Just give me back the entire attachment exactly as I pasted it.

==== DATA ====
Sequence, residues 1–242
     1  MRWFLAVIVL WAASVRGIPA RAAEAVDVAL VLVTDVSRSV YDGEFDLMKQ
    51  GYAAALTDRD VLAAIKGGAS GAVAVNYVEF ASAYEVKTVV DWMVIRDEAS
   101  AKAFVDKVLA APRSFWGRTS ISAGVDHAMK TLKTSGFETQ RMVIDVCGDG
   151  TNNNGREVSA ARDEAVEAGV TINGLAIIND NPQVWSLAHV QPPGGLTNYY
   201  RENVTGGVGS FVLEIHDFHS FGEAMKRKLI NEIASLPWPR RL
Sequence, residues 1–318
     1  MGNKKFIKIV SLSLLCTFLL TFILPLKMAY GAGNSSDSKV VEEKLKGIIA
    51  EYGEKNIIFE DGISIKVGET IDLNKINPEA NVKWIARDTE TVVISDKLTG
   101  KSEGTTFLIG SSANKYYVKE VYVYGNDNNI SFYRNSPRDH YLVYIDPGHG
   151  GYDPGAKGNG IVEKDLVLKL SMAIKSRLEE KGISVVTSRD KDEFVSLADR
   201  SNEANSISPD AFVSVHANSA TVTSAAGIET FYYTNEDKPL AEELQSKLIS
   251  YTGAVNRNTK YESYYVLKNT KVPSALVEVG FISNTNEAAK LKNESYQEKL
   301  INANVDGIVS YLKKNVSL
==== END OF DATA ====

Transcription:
Sequence, residues 1–242
     1  MRWFLAVIVL WAASVRGIPA RAAEAVDVAL VLVTDVSRSV YDGEFDLMKQ
    51  GYAAALTDRD VLAAIKGGAS GAVAVNYVEF ASAYEVKTVV DWMVIRDEAS
   101  AKAFVDKVLA APRSFWGRTS ISAGVDHAMK TLKTSGFETQ RMVIDVCGDG
   151  TNNNGREVSA ARDEAVEAGV TINGLAIIND NPQVWSLAHV QPPGGLTNYY
   201  RENVTGGVGS FVLEIHDFHS FGEAMKRKLI NEIASLPWPR RL
Sequence, residues 1–318
     1  MGNKKFIKIV SLSLLCTFLL TFILPLKMAY GAGNSSDSKV VEEKLKGIIA
    51  EYGEKNIIFE DGISIKVGET IDLNKINPEA NVKWIARDTE TVVISDKLTG
   101  KSEGTTFLIG SSANKYYVKE VYVYGNDNNI SFYRNSPRDH YLVYIDPGHG
   151  GYDPGAKGNG IVEKDLVLKL SMAIKSRLEE KGISVVTSRD KDEFVSLADR
   201  SNEANSISPD AFVSVHANSA TVTSAAGIET FYYTNEDKPL AEELQSKLIS
   251  YTGAVNRNTK YESYYVLKNT KVPSALVEVG FISNTNEAAK LKNESYQEKL
   301  INANVDGIVS YLKKNVSL